Is it fair to force users into long-term “lock-in” contracts, ostensibly to re-capture the discounted cost of “low cost” telephone gear which becomes obsolescent long before the contract runs its course?

But the major question remains: Is it fair of the common carriers to refuse to continue to build out the network to the standards of capacity and service that is routinely enjoyed in other companies?

I could also ask that all government subsidies and money flowing from government contracts be completely and fully disclosed to the American public as part of an “open government” initiative.

And for the conspiracy buffs …

Speaking of a more open government, and the Bush Administration’s effort to shield the telephone companies from the consequences of providing consumer telephone information to agencies without court orders, might this move toward the “deep packet mining” necessary to determine message content type be turned against the people in allowing the common carriers to monitor the content as well as the content type?

The meaning of network neutrality …

Network neutrality has come to mean that no class of Internet service (e-mail, web-surfing, VoIP communications, audiovisual downloads) is given time-based priority. An issue felt deeply by American business when the ISPs (Internet Service Providers) tried to float a trial balloon calling for the per-message pricing of e-mails as a method for reducing spam. And later as a guaranteed method of penetrating the carrier’s (think AOL) proprietary e-mail boundary.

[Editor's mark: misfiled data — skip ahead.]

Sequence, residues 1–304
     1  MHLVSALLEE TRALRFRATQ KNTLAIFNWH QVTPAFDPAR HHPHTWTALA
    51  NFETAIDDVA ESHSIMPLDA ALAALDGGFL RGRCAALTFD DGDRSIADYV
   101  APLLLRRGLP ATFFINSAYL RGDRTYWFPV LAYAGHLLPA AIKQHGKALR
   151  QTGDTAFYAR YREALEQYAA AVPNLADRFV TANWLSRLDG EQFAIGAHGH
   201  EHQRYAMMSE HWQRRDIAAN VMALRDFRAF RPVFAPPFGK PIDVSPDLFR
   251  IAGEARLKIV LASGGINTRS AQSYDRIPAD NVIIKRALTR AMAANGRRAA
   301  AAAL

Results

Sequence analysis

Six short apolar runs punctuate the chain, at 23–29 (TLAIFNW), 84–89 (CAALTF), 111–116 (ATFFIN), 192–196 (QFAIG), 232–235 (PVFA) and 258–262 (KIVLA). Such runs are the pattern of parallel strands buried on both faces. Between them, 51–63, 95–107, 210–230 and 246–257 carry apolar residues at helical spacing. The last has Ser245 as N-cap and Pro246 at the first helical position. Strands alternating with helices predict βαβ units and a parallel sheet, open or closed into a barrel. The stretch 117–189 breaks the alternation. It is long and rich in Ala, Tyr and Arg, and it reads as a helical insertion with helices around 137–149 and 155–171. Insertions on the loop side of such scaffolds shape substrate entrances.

Is the Federal Communications Commission the enemy ..?

In many ways, the FCC, consisting of Administration political appointees goes far beyond its original purpose of providing broadcast frequency technical specifications, issuing station operating licenses, licensing broadcast engineers and arranging the frequencies of competing carriers to avoid undue signal interference into regulating content (see George Carlin’s Seven Dirty Words) and political usage of the airways. In many ways they act in political concert with the broadcasters and others they regulate. So, while they may not be the enemy to watch, they certainly are suspect on pure political grounds.

What can YOU do?

Keep competition alive and healthy by switching carriers if one carrier offers a better deal.

Write your legislators and demand “network neutrality” for all types of Internet traffic. Also demand that we take steps to modernize the Internet by promoting the use of private capital to build out existing networks and infrastructure.

Join an organization such as the Electronic Freedom Foundation to assist in preserving your rights in this digital era. Especially when there is little or no existing law that may cover Internet usage by individuals and that the application of old laws proves to be manifestly unfair. www.eff.com.

With America’s overwhelming dependence on the Internet, it is reasonable that a government-private industry coalition should exist for the common good. There is also no reason why a company should not earn a fair return on its profits. However, due to the massive investments in infrastructure, these companies have become de facto monopolies and should be subject to additional government oversight to protect against anti-monopoly and anti-competitive behavior. 

-- steve

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Reference Links:

AT&T Mulls Surcharge for High DSL Use - TheStreet.com One Citizen Speaking...: BUILDING THE TOLL ROAD: Time Warner Cable ...